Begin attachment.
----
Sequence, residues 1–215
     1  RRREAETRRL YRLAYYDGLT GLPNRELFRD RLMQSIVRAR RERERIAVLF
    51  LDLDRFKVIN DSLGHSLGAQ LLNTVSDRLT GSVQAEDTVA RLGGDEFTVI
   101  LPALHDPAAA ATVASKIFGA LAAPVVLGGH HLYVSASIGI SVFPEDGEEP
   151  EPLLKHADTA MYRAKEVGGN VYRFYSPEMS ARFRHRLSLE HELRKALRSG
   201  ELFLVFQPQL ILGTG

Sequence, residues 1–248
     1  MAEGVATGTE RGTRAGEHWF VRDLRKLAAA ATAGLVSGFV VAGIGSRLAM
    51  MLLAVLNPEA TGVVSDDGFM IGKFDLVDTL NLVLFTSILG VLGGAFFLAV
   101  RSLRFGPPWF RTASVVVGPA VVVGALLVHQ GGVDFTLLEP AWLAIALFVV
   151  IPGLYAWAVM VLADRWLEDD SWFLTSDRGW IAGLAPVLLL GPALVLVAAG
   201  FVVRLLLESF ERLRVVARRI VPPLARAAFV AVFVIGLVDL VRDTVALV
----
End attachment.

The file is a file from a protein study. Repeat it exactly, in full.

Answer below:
Sequence, residues 1–215
     1  RRREAETRRL YRLAYYDGLT GLPNRELFRD RLMQSIVRAR RERERIAVLF
    51  LDLDRFKVIN DSLGHSLGAQ LLNTVSDRLT GSVQAEDTVA RLGGDEFTVI
   101  LPALHDPAAA ATVASKIFGA LAAPVVLGGH HLYVSASIGI SVFPEDGEEP
   151  EPLLKHADTA MYRAKEVGGN VYRFYSPEMS ARFRHRLSLE HELRKALRSG
   201  ELFLVFQPQL ILGTG

Sequence, residues 1–248
     1  MAEGVATGTE RGTRAGEHWF VRDLRKLAAA ATAGLVSGFV VAGIGSRLAM
    51  MLLAVLNPEA TGVVSDDGFM IGKFDLVDTL NLVLFTSILG VLGGAFFLAV
   101  RSLRFGPPWF RTASVVVGPA VVVGALLVHQ GGVDFTLLEP AWLAIALFVV
   151  IPGLYAWAVM VLADRWLEDD SWFLTSDRGW IAGLAPVLLL GPALVLVAAG
   201  FVVRLLLESF ERLRVVARRI VPPLARAAFV AVFVIGLVDL VRDTVALV